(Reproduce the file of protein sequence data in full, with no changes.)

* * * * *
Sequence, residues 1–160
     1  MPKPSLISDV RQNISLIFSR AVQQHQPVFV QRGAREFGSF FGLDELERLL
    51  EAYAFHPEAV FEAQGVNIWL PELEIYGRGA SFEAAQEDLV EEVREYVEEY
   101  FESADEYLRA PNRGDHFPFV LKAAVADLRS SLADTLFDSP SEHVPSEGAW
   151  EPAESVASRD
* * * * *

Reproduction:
Sequence, residues 1–160
     1  MPKPSLISDV RQNISLIFSR AVQQHQPVFV QRGAREFGSF FGLDELERLL
    51  EAYAFHPEAV FEAQGVNIWL PELEIYGRGA SFEAAQEDLV EEVREYVEEY
   101  FESADEYLRA PNRGDHFPFV LKAAVADLRS SLADTLFDSP SEHVPSEGAW
   151  EPAESVASRD